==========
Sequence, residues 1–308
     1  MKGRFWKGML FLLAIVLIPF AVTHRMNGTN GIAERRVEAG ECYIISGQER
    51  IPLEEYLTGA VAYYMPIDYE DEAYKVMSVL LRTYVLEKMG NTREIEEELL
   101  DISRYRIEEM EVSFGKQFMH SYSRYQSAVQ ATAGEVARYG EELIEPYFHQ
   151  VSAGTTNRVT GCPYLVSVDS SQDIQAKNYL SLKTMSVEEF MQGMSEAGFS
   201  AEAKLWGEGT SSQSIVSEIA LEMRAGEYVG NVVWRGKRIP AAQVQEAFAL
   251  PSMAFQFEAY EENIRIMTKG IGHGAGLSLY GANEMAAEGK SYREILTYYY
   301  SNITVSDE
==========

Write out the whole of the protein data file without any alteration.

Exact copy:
Sequence, residues 1–308
     1  MKGRFWKGML FLLAIVLIPF AVTHRMNGTN GIAERRVEAG ECYIISGQER
    51  IPLEEYLTGA VAYYMPIDYE DEAYKVMSVL LRTYVLEKMG NTREIEEELL
   101  DISRYRIEEM EVSFGKQFMH SYSRYQSAVQ ATAGEVARYG EELIEPYFHQ
   151  VSAGTTNRVT GCPYLVSVDS SQDIQAKNYL SLKTMSVEEF MQGMSEAGFS
   201  AEAKLWGEGT SSQSIVSEIA LEMRAGEYVG NVVWRGKRIP AAQVQEAFAL
   251  PSMAFQFEAY EENIRIMTKG IGHGAGLSLY GANEMAAEGK SYREILTYYY
   301  SNITVSDE